But paying for it is often a problem. That doesn’t work very well for a chant, I’m afraid.
The American Society of Civil Engineers Houston branch assessed the structural and economic viability of roads, transit, solid waste, wastewater and drinking water facilities.
Drinking water systems received a D, and roads and highways got a D+. Bridges, flood control and transit scored a C-, while solid waste received a C and heavy rail systems – freight rail and Amtrak – a C+.
The report is the first local assessment done by a Texas branch of the national engineering society. Houston is the 11th region nationally to look at local infrastructure. Most regions fared slightly better than Houston, with most categories in Los Angeles, San Diego and San Francisco, for example, receiving B and C grades.
Houston drinking water systems in particular are behind on needed maintenance, said Clay Forister, chairman of the engineering society committee that produced the report.
“I think everyone remembers last summer and all the water-main breaks,” Forister said, referring to the drought-related line failures around Houston, which peaked at 1,000 in a single day in August 2011.
Future demand is great, the report found. The combined population of Harris, Galveston, Brazoria, Fort Bend, Waller, Montgomery, Liberty and Chambers counties is expected to grow by 3 million, to 8.8 million, by 2035, the engineers said.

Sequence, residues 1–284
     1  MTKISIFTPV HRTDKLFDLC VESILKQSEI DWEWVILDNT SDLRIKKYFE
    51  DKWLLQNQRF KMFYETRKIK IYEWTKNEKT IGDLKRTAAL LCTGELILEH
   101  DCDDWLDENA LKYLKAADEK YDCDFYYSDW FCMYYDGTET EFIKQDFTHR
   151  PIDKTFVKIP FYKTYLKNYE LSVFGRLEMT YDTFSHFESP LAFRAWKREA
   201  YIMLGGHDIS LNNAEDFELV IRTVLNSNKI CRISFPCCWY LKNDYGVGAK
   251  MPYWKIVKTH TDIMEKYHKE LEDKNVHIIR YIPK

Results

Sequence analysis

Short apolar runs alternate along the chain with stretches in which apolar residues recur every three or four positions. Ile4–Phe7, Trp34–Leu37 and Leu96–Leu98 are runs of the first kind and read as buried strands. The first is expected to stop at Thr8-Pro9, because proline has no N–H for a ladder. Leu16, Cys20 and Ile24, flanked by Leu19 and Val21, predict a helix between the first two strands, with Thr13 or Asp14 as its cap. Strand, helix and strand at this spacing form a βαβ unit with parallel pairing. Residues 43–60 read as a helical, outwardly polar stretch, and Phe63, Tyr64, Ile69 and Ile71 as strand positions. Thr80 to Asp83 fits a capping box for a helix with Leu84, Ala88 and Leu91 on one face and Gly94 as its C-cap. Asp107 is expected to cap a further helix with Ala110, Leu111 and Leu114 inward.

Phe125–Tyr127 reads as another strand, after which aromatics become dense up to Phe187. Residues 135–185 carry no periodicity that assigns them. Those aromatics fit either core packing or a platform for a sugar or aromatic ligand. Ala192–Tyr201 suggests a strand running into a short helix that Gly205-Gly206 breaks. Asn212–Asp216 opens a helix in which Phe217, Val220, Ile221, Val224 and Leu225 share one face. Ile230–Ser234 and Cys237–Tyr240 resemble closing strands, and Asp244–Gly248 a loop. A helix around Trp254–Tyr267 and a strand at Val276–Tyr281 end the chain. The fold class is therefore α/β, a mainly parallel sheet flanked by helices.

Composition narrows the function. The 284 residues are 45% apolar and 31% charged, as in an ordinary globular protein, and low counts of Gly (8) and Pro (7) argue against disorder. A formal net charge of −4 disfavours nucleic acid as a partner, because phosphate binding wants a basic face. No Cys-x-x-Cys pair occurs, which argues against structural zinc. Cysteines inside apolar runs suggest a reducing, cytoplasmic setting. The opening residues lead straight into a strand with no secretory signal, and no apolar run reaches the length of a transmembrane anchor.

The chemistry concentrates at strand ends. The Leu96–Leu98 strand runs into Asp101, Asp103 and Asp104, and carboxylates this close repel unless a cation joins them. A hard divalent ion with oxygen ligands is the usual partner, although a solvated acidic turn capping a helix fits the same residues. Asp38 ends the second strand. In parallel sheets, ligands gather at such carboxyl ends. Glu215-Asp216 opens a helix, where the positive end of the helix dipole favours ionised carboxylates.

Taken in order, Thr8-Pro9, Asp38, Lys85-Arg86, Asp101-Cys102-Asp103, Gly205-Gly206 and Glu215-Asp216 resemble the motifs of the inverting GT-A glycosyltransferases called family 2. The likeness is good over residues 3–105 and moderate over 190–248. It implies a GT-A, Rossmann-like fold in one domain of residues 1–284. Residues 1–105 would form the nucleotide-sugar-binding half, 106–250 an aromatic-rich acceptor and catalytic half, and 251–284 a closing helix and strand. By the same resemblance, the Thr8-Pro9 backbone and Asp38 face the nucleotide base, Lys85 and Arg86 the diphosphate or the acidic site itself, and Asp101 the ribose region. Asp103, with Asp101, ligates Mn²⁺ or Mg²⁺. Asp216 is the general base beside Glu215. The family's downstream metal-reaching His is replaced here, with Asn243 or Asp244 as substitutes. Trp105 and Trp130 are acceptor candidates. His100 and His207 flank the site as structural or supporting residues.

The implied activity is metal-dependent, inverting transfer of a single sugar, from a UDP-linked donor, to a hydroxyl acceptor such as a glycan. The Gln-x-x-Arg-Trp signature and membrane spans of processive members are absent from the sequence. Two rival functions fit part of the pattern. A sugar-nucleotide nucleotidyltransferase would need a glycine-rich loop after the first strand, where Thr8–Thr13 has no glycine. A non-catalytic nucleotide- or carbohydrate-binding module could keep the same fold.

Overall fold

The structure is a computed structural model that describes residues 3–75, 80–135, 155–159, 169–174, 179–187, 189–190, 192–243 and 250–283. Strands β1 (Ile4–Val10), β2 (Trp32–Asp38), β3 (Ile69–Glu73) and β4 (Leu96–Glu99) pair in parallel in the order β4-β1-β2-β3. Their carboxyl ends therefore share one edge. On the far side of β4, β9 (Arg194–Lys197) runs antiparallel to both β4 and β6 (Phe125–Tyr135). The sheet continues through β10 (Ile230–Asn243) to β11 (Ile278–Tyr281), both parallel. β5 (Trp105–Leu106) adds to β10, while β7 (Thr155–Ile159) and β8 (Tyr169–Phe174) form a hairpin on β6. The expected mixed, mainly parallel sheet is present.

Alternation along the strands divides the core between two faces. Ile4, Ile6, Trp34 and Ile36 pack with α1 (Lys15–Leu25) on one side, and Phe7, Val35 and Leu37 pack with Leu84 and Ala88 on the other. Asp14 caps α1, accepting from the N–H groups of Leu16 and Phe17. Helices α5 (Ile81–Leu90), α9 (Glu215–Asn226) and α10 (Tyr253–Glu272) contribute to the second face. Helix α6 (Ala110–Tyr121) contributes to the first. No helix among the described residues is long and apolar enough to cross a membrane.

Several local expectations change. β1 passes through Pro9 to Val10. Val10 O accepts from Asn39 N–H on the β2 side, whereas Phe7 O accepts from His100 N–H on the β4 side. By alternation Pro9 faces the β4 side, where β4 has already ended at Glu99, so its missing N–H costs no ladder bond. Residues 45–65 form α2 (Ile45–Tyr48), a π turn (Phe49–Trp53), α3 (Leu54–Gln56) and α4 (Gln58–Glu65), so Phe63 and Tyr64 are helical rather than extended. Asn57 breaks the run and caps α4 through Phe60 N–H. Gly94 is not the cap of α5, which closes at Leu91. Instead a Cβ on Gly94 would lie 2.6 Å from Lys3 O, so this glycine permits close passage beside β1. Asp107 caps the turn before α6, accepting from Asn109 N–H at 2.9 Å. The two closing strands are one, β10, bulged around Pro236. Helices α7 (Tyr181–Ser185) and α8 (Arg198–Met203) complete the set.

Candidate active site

Without improvements, the 422 miles of local highways will not accommodate that growth, and water and sewer plants will strain to serve an increasing number of people.
You can see the report card and related information here. As the story notes, the city is taking some steps to fund infrastructure renewal – Rebuild Houston is the obvious thing we’ve got going on, but there was also that water rate hike from 2010 that was done in part to fund infrastructure projects for Houston’s water system. Houston’s problems are hardly unique, of course, as are their concerns about how to pay for what needs to be done. I’ve said it before and I’ll say it again, the federal government needs to put up a few billion dollars for infrastructure projects around the country. Water systems everywhere are in desperate need of upgrade, and this would serve as economic stimulus at a time when it’s still a good idea. Unfortunately, that won’t happen any time soon, most likely not until we’re past the point of crisis.